Once you've read and studied a lot (by which I mean at least a couple of hundred books in whatever genre interests you most), keep reading and begin writing. Work on craft, and along the way, be sure to join the Society of Children's Book Writers and Illustrators, both the national organization and your regional chapter (see the main site for chapter contact information and URLs).
Once you're reading and writing, take a look at my writer resources, which include suggestions helpful to illustrators and publishers as well. The Children's Book Writers' Reading List: A Technical and Inspiration Bibliography should help you along your learning curve. Please note that if you can't afford the books listed, request them through interlibrary loan.
Don't miss the page of writing links, especially The Purple Crayon from children's book editor Harold Underdown. The How-Do-I-Get-Published? Quiz is particularly useful as is Basic Information For Writers and Illustrators. The people at Writing4Kids also have some great writing support products for beginners.
As for illustrators, I am not the best person to ask. But again, I suggest studying the articles on The Purple Crayon for illustrators and joining SCBWI. In addition, the site does features some interviews with illustrators that may be of interest to you.
As for publishing, I don't know much about that either, but this site does include interviews with two successful self-published authors Debbie Leland and Jerry Wermund, both of which describe their process.
See also Tips for Teen Writers from Cassandra Clare. Here's a sneak peek: "I can only say what works for me or what I've observed, and in this post I'll talk about what I remember about being a teenage writer and what was helpful for me."
"Teen Ink is a national teen magazine, book and website featuring teen writing, information, art, photos, poetry, teen issues and more. All articles are written by teen authors who are students at schools. Teen Ink is also a book series published by HCI Teens. More than 25,000 teens have been published in the magazine and its companion Poetry Journal. Teen Ink runs a London Summer Program for teenage writers."
Also of interest: Figment is a community where you can share your writing, connect with other readers, and discover new stories and authors. Whatever you're into, from sonnets to mysteries, from sci-fi stories to cell phone novels, you can find it all at figment.com.
Those recommendations aside, I feel compelled to add that I began working with my editor and agent at a relatively young age (in my twenties), and more times than not, I wish that apprenticeship had lasted longer, that I'd had more years to really focus on my craft without the pressures of publication.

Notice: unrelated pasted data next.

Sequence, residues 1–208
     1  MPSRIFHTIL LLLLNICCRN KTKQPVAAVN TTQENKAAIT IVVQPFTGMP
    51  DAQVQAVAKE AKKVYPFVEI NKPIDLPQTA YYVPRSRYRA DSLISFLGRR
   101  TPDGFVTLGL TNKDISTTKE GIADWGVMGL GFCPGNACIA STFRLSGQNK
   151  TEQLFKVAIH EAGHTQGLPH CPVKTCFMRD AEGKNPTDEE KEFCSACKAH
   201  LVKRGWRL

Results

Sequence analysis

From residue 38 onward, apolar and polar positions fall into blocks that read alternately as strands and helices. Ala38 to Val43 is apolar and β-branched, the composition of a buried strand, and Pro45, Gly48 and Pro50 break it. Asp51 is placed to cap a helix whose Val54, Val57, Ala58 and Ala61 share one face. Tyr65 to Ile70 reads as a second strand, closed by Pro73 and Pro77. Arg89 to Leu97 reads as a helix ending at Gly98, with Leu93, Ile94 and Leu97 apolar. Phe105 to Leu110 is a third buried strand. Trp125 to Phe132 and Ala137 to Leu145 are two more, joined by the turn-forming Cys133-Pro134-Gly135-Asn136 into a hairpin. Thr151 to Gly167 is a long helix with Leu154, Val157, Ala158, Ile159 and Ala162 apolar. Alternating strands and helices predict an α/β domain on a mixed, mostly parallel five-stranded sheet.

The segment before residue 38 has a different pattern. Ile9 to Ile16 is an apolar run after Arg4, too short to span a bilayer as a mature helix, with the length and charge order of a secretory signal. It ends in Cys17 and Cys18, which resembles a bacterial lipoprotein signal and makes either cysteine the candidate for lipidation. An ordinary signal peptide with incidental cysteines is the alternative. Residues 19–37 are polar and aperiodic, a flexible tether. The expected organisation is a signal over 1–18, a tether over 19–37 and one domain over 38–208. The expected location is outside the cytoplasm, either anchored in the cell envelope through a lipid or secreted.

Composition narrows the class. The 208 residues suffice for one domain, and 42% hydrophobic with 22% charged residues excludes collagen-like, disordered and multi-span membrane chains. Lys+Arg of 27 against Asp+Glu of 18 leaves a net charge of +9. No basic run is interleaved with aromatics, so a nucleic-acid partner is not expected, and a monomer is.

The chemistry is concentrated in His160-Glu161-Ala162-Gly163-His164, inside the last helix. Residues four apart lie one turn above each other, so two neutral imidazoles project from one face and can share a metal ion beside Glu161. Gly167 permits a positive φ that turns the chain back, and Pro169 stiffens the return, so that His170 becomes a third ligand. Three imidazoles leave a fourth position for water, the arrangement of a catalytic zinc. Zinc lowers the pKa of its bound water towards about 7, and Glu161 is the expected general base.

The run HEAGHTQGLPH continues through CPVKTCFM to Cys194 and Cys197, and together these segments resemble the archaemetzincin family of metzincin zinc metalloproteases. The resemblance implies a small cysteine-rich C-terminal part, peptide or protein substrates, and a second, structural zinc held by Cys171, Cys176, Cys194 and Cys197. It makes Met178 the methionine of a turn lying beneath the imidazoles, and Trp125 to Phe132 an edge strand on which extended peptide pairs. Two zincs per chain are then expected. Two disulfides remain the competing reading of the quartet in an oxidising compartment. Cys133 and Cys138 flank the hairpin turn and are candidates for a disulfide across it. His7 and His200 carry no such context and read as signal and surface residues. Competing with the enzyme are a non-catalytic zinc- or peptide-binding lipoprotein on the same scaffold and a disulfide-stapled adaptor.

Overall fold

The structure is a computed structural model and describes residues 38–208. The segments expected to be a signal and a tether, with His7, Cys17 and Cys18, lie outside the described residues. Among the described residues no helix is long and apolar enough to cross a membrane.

Send an email with a 30 (or fewer) word description of your site in the following format:
Site title: attribution (official, publisher, fan) includes features. Author's (or Illustrator's) books include X, Y, Z.
Children's and Young Adult Author Cynthia Leitich Smith : official author site features biography, bibliographies, articles, interviews, links, etc. Smith's books include Jingle Dancer (Morrow/HarperCollins, 2000), Rain is Not My Indian Name (HarperCollins, 2001), Indian Shoes (HarperCollins, 2002), Tantalize (Candlewick, 2007), and Santa Knows (Dutton, 2006). Visit: http://www.cynthialeitichsmith.com/
A reciprocal link (as listed above, actually) is requested but not required.
Please be advised that not all of this information may be included in your link. I do not promise to link to every site suggested.
NOTE: I seldom link to publisher Web sites, preferring author/illustrator sites.
Sure, and thank you. You may download a copy of our mini-logo (see top of the guide bar to the right) and re-upload it with a link from your own server. A text link is also fine. See the description above, and let me know when it's out so I can visit your site and perhaps create a reciprocal link.
No. However, if it happens that you actually did write the next Harry Potter, please don't let my editor or agent know that I turned you down on that request.
No. Sorry, I'm plenty busy critiquing Greg's manuscripts and those of my critique group and mentees. Here's what you should do: Join the Society of Children's Book Writers and Illustrators. Your local SCBWI regional advisor can help you find a critique group in your area. See also professional book doctors/private teachers.
Whatever you do, don't send me your manuscript or art and then ask for comments. About once a week, my email program crashes because someone attached and sent an enormous art file.
No. Sorry, but I get one-to-three requests a week from published authors, many of them friends, asking for help with related manuscripts. While I appreciate the effort to do homework, I have to preserve time for my own writing. For background information, see: Teacher and Library Resources for Native American Children's Books (there is a lot of information of use to writers as well).
As a member of the children's literature community, I often speak about Native children's literature, and I'm hopeful that this increases awareness and understanding. Please, however, don't thank me in your supplemental pages for assistance unless I have offered in advance for my name to be used this way. Some folks take such a nod to mean that I have personally vetted and approved the story on cultural accuracy grounds, and, again, I'm busy enough with my own work without taking on that kind of responsibility.
Maybe! Blurb requests should come from editors/agents/publicists only. I don’t want to hear from authors at all—not even to ask if they can put my name on a list. This includes personal contacts. Please keep in mind that my time is limited. Even if I agree to read the manuscript, that doesn’t mean I’ll ultimately be able to provide a blurb.